The National Economic Development and Labour Council (NEDLAC) released labour bills for comment to the public early this year. The labour bills sought to amend the Labour Relations Act, the Basic Conditions of Employment Act and the Employment Equity Act. NEDLAC also released the Employment Services Bill, a new addition to the employment law statutes.
Interest groups made representations with the aim of influencing the final laws to be enacted. Labour brokers, for instance, raised alarm as to the impact of the proposed amendments on their industry. Employers also questioned the wisdom of introducing further limitations on the already strained flexibility enjoyed by employers to hire new staff and dismiss those already in its employ. Many felt that the legislature missed an opportunity to create a more flexible regulatory framework that could assist in stimulating the job market at a time when unemployment is a national scourge.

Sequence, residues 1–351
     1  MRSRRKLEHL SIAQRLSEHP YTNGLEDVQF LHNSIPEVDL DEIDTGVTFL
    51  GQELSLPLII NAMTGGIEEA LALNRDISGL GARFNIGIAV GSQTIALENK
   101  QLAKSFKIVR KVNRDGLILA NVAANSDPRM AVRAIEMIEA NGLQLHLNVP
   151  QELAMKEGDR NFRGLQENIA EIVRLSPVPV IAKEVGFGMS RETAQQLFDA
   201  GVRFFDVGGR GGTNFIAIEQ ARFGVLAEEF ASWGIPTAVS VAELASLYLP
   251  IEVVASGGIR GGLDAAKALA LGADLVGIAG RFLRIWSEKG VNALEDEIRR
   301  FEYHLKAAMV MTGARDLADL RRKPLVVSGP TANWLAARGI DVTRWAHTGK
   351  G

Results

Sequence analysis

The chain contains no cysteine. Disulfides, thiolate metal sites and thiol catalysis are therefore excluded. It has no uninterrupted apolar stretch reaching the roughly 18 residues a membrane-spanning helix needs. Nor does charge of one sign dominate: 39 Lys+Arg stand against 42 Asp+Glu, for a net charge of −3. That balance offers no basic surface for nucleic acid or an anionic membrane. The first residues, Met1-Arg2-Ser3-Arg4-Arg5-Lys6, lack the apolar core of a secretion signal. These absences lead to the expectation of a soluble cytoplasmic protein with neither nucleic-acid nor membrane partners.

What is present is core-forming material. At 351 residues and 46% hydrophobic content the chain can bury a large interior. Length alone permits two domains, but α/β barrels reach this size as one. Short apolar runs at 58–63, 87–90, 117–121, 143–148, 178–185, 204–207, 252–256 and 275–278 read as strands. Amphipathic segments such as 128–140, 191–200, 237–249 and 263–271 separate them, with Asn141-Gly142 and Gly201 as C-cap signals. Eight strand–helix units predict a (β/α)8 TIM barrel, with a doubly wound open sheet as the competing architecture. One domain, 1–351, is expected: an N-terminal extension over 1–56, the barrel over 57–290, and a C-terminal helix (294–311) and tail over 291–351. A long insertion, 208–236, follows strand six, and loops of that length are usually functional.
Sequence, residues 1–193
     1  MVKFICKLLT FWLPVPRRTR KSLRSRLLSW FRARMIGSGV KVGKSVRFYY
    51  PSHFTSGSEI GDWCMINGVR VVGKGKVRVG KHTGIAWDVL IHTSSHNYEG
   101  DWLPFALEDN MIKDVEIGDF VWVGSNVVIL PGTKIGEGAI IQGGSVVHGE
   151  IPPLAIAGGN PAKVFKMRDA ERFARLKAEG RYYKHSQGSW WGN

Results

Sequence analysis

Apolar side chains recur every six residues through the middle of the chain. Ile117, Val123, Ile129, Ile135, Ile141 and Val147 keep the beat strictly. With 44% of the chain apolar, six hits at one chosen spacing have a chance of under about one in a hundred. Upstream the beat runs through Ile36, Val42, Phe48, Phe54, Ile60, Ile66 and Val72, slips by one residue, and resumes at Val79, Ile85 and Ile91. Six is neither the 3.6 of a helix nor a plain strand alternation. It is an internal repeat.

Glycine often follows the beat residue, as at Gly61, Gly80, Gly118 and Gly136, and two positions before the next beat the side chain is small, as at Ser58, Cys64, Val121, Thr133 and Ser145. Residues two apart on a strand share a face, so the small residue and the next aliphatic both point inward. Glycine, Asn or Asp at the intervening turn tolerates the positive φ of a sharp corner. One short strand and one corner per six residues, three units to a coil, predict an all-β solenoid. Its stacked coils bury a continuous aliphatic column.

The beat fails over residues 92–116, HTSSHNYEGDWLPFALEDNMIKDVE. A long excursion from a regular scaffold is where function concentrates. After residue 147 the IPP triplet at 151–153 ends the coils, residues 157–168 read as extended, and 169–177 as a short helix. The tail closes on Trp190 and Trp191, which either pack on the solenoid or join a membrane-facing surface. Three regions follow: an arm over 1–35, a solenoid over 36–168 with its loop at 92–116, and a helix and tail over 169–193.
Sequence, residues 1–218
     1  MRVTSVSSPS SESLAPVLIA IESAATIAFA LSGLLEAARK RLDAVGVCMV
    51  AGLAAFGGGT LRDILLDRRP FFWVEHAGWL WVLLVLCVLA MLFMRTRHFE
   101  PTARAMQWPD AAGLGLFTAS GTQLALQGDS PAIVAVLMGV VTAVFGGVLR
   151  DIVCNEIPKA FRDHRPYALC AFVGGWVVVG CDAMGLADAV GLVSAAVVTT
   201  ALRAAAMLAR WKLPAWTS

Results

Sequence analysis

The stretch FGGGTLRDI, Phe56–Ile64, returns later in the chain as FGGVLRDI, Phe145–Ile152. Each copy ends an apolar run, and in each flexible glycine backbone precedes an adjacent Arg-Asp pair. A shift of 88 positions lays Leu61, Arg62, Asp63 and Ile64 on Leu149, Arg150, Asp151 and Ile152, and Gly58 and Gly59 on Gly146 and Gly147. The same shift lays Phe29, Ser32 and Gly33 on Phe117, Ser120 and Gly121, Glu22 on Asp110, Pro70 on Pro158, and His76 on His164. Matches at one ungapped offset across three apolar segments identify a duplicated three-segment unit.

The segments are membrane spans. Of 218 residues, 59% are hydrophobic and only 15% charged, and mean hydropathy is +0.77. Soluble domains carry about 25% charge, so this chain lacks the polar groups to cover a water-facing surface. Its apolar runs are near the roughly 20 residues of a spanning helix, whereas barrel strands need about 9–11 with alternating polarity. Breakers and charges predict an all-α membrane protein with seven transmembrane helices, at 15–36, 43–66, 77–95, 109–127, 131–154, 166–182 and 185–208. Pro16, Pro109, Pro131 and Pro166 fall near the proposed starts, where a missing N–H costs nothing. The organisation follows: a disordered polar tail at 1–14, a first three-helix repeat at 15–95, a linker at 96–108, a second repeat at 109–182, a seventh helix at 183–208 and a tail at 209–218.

The Minister of Labour publicly called for the finalisation of the bills by October 2011. This deadline has passed without the bills being finalised. While NEDLAC is set to brief the parliamentary Portfolio Committee on Labour on 15 November 2011, it appears unlikely that the bills would be promulgated into law by May 2012, as per the Minister's wish.
At present, the Labour Relations Bill inter alia imposes a limitation on the use of fixed term contracts of employment. It provides that an employee must be employed permanently unless the employer can justify the need for fixed term employment. Further, in an attempt to regulate labour broking, the bill abolishes section 198 of the LRA (which currently regulates labour brokers).
The Employment Equity Bill inter alia provides that workers must be paid the same when performing work of equal value.
Among others, the Employment Services Bill regulates the operation of private employment agencies and implements a public employment agency which provides recruitment and placement services free of charge.
Employers and employees alike wait with bated breath to get clarity on the extent of the amendments to the draft bills. While workers seek greater protection and job security, employers will be hoping that any additional restrictions contained in the final bills will be limited to the bare minimum. This is especially true in industries faced with small profit margins where further limitations could push those businesses teetering on the edge of viability into the abyss.